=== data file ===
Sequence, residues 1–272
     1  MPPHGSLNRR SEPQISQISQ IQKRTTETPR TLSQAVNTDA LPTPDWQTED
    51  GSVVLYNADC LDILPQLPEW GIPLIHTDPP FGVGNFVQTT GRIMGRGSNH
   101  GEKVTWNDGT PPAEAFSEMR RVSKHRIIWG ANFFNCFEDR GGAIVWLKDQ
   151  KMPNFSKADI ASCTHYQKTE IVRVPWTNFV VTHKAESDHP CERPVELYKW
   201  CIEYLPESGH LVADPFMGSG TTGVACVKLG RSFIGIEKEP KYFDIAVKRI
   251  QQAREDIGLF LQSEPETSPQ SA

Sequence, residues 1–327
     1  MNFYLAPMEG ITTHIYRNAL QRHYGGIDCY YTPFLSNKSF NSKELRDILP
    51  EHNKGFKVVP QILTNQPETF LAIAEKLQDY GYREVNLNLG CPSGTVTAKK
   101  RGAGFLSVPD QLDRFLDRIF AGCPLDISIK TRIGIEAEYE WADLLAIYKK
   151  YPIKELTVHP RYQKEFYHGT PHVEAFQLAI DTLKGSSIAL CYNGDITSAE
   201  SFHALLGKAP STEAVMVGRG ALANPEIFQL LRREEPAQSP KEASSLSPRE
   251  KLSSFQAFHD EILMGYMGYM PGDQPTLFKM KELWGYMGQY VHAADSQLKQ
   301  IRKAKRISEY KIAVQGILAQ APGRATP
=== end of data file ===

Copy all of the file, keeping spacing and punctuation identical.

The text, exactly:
Sequence, residues 1–272
     1  MPPHGSLNRR SEPQISQISQ IQKRTTETPR TLSQAVNTDA LPTPDWQTED
    51  GSVVLYNADC LDILPQLPEW GIPLIHTDPP FGVGNFVQTT GRIMGRGSNH
   101  GEKVTWNDGT PPAEAFSEMR RVSKHRIIWG ANFFNCFEDR GGAIVWLKDQ
   151  KMPNFSKADI ASCTHYQKTE IVRVPWTNFV VTHKAESDHP CERPVELYKW
   201  CIEYLPESGH LVADPFMGSG TTGVACVKLG RSFIGIEKEP KYFDIAVKRI
   251  QQAREDIGLF LQSEPETSPQ SA

Sequence, residues 1–327
     1  MNFYLAPMEG ITTHIYRNAL QRHYGGIDCY YTPFLSNKSF NSKELRDILP
    51  EHNKGFKVVP QILTNQPETF LAIAEKLQDY GYREVNLNLG CPSGTVTAKK
   101  RGAGFLSVPD QLDRFLDRIF AGCPLDISIK TRIGIEAEYE WADLLAIYKK
   151  YPIKELTVHP RYQKEFYHGT PHVEAFQLAI DTLKGSSIAL CYNGDITSAE
   201  SFHALLGKAP STEAVMVGRG ALANPEIFQL LRREEPAQSP KEASSLSPRE
   251  KLSSFQAFHD EILMGYMGYM PGDQPTLFKM KELWGYMGQY VHAADSQLKQ
   301  IRKAKRISEY KIAVQGILAQ APGRATP